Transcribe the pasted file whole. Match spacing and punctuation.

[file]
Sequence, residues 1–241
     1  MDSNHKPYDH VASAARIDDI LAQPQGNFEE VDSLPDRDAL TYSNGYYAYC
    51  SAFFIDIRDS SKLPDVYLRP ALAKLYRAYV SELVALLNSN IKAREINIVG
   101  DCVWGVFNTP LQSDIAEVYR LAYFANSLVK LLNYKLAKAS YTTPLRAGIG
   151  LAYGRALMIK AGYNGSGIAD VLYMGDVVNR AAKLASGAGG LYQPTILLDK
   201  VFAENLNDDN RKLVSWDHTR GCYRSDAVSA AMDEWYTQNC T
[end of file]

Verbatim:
Sequence, residues 1–241
     1  MDSNHKPYDH VASAARIDDI LAQPQGNFEE VDSLPDRDAL TYSNGYYAYC
    51  SAFFIDIRDS SKLPDVYLRP ALAKLYRAYV SELVALLNSN IKAREINIVG
   101  DCVWGVFNTP LQSDIAEVYR LAYFANSLVK LLNYKLAKAS YTTPLRAGIG
   151  LAYGRALMIK AGYNGSGIAD VLYMGDVVNR AAKLASGAGG LYQPTILLDK
   201  VFAENLNDDN RKLVSWDHTR GCYRSDAVSA AMDEWYTQNC T